Later still, Gael confronted Arnoll with the ingot he’d taken that morning. And together they unearthed the cache in the wall of the clogged latrine.

So had ended the first day of Gael’s search for his thief.

On the second day of his search, Barris stole an ingot right under Gael’s nose in the morning. But the hunter Halko was foiled by Keir’s presence in the smithy in the evening. And Gael witnessed Nathiar at his illicit forging in the hours later still.

His third day of searching started with Nathiar’s confession, followed by another theft from Barris, this time from under Keir’s nose. And then the thefts stopped, while Gael was absent from Belzetarn.

Theron was ready, with plenty of ingots accumulated and a plan to stash them in Gael’s storeroom sometime after Gael’s return, when Carbraes might be summoned to discover his secretarius with the stolen metal in hand.

Gael had turned the tables on that plan. It had been Theron caught red-handed by Carbraes, not Gael. With unexpected repercussions . . . for everyone, alas.

And there lay the whole of it, from the first theft by Barris a year ago to the last theft—also by Barris—on the day Gael left for Olluvarde.

He straightened his nightshirt, which had become twisted with all his turning over, and pulled his coverlet up to his waist. His breathing had quickened under the mental onslaught. He slowed it deliberately. Perhaps now he could sleep.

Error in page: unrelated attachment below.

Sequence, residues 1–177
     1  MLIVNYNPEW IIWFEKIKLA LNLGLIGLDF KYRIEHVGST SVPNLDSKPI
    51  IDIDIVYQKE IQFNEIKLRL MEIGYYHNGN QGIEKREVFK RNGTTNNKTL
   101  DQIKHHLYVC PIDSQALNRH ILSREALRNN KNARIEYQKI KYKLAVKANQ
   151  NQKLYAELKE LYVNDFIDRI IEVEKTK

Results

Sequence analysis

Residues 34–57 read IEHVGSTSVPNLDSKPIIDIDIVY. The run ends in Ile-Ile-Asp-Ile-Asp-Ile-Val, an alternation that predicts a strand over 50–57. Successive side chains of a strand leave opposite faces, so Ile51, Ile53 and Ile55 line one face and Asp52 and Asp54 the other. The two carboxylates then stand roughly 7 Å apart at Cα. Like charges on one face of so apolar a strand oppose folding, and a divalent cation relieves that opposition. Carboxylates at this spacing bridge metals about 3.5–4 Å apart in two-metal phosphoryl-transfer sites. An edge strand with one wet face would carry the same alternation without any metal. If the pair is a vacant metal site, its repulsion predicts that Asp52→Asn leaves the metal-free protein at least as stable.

Except he seemed to have reached that uncomfortable state in which the body was weary—weary enough to almost hurt—but the mind was alert, all sleepiness passed. Was there something he had missed in all that long sequence of theft after theft? Some pertinent detail?

A vision of Keir’s face, unnaturally white, flashed before his inner eye. She’d been utterly shocked when he’d pronounced the words, “I know.’ How maladroit he’d been in his timing. His reassurance that he would keep the secret of her sex should have preceded his accusation, thusly sparing her alarm. She’d blushed when he did reassure her. It seemed an odd response to relief.

What had she been thinking?

His revelation that he knew her to be a young woman had not been the only time she’d paled. What had he said that other time, to have caused such a reaction in one usually so self-contained?

He delved through his memories once more, a more haphazard stirring than had been his journey through the sequence of thefts. Was it the first day—? No. The second? Yes, that was it.

She’d gotten a report from a smeltery scullion, who’d seen Arnoll removing an ingot of tin from the privy smithy. She was worried by it. And he’d been explaining that she need not be, that Arnoll had been acting under orders from a higher authority. Arnoll’s purloining of an ingot was no cause for worry, although the fact that Arnoll’s tin had proved to be copper, disguised by magery, was.

And then she’d blanched.

He’d assumed she was reacting to the illicit use of magery. But was she?

The very same day that Arnoll took his ingot, Keir had sought Gael’s counsel about her lingering hatred for trolls. It had been an awkward conversation—since he had wished to ignore in himself the very same concerns that Keir raised—and disappointing as well. Gael had judged she was getting past the revulsion trolls provoked in her. The repulsed looks he’d noted on her face in her early days in Belzetarn had long since ceased. And the easy way she had with the scullions, the kind authority she’d exerted in the matter of the bullied lunch boy, had encouraged him to believe she’d adjusted, both to being a troll and being among trolls.